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    Limiters Of Performance PDF Print E-mail
    Written by Allan Besselink, PT, Dip.MDT   
    Monday, 19 March 2007

    The debate over limitations in human performance has been waged for decades. In the endurance sports world, the commonly-held perception is that the cardiovascular system is the primary limiting factor. The belief expressed by many endurance sports coaches is that maximum VO2 and lactate threshold are the primary culprits - and thus, we need to track and scrutinize the appropriate training parameters - namely, heart rate.

    But here are some thoughts to refute those claims - to take our focus away from the past and turn it towards the future.

    Improvement in maximum VO2 has an upper limit unto itself - typically no more than about a 15% improvement over time. If your maximum VO2 was the primary limiter, athletes would initially undergo a significant improvement, then plateau. Once you hit this plateau, you'd go no further. We know that this doesn't happen. A low maximum VO2 doesn't prevent you from attaining high levels of performance - and a high maximum VO2 doesn't guarantee success. Athletic performance can continue to improve over years, not just months - and certainly by more so than 15% over time. There have to be other, more critical factors at play.

    Lactate threshold is the next belief to be refuted. The thought is that lactate "builds up" in muscles, thereby preventing them from contracting. Yes, lactate does accumulate - but the muscle knows how to use this lactate as a fuel for muscle contraction - or it can be trained to do so more effectively. Consistent with this belief is the assumption that a muscle cannot contract in an acidic environment - which we now know is a falsehood.

    On top of these issues is perhaps a more elemental one - and that is the use of heart rate as a measure of performance and workload. Though this may initially give an athlete a means to assist in the correlation of "effort" and "pace", heart rate on it's own is a tenuous measure. If you are dehydrated, it will be skewed. If you are training in the heat (or cold), it will be skewed. Your target training heart rate ranges are calculated around a moving target - namely, using your age-adjusted (calculated) maximum heart rate. So you have an arbitrary heart rate range - which will be affected significantly by environmental variables - that is calculated from an arbitrary maximum heart rate. From a mathematical point of view, it's not very accurate. From a functional perspective, it is not the best way to establish your level of work in any conditions.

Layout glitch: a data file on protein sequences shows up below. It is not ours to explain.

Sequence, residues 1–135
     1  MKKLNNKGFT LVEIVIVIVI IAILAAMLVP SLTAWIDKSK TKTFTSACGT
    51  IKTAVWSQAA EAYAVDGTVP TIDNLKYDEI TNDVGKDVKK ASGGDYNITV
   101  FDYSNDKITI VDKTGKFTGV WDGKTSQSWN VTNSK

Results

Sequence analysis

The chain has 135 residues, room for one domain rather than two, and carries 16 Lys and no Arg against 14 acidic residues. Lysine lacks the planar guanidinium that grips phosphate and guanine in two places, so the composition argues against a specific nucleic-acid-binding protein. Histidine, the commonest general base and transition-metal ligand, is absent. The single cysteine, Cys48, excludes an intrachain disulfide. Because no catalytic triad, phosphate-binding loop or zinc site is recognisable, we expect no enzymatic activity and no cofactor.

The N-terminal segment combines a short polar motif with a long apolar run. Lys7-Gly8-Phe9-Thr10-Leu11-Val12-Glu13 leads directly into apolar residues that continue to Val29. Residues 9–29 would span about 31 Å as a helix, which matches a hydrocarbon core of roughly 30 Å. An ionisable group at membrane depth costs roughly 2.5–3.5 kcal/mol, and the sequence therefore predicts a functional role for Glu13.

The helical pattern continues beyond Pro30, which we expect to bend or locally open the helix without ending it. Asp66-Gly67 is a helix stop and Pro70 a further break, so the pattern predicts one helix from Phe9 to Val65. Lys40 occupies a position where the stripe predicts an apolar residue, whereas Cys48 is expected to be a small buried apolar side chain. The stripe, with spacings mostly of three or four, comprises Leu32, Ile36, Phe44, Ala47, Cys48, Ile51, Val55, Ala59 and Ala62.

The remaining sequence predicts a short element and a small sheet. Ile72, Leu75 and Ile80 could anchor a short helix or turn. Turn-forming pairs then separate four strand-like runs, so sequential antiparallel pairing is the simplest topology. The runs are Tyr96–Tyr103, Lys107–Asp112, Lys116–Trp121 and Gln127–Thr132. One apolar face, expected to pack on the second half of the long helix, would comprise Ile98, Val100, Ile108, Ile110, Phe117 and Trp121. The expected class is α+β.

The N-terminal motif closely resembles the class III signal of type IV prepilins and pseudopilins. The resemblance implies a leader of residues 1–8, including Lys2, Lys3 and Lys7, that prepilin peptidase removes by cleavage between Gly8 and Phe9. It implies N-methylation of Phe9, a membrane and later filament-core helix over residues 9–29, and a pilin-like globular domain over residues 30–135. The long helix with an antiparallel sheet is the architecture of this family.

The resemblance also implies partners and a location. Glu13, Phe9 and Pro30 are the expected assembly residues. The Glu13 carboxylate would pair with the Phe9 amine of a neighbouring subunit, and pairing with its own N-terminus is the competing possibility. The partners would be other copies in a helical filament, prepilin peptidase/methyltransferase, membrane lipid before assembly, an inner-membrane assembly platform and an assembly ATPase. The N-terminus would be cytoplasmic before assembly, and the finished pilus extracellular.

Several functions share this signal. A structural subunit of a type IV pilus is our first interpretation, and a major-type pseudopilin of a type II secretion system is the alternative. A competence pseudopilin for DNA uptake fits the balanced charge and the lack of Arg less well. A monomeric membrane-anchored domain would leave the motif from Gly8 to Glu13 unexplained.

So if the cardiovascular system isn't the primary limiter of endurance sports performance, what is? Well, ladies and gentleman - it's all in your head.

    The central nervous system.

    Yes, that gray thing between your ears, the one thing that many coaches want you to focus with and many want you to shut off. The same entity that controls your thoughts, your emotions and ... your training?

    The central nervous system (CNS) is integral to muscle fiber recruitment. It's all about synaptogenesis - creating new synapses - and using them constructively. If I can send the right signal to the muscle, and it has some fuel on board, it will contract. If I can't, it won't. Unfortunately, the CNS doesn't have ready access to carbohydrate for fuel (as the muscle does with it's own locally-stored glycogen) so it has to attain it via the blood stream and liver. This is a rather limited resource and thus requires steady supplementing throughout a workout or event for optimal function. Fatigue is an issue of the CNS being unable to function properly - oftentimes due to not having the neural connections or simply not having the fuel to allow the neuron to fire.

    That being the case - how do I raise the upper limit of my performance if the CNS is the limiter?

    Power-based activities require the athlete to recruit a large number of muscle fibers, thereby requiring many active neural connections to do so. If I am a more efficient athlete biomechanically - ie. better running form - then I have programmed in much better goal movement patterns. Simply stated, this is having better wiring!

    But, you ask, why do power activities when I am an endurance athlete? If I have a high power output, then I can (purposefully) turn back my power output (as in "slowing down my pace") and with an appropriate fuel source, go slower - longer. Given that your training has provided you with the appropriate mechanisms to gain and improve tissue integrity and "architecture" (another power-based aspect), then you are ready to go longer - without necessarily having "gone longer" as part of your training.

    If you need a measure of workload, then you can use power or velocity in conjunction with perceived effort. Strange as this may sound, perceived effort has been shown in the scientific literature to be a very accurate measure of workload - and is consistently used in exercise physiology and cardiac stress testing labs worldwide.

    Of course, in this discussion of the CNS we must also remember that "the brain controls everything". With that in mind (no pun intended), your ability to maintain attentional focus is critical in being able to maintain power output over time. Let's face it - how often do we tell ourselves "I can't" long before the body says "I won't"? How often does our self-talk get in the way of our performance - in an event - or in our everyday lives?

    In the grand scheme of human performance, the brain is the primary limiter. Fortunately, it's also the primary resource for success. For that, we can be thankful.

    © 2007 Allan Besselink. All Rights Reserved.

    Tags:  Coaching Insights Endurance Training Coaching Mechanisms
    Last Updated ( Friday, 29 February 2008 )
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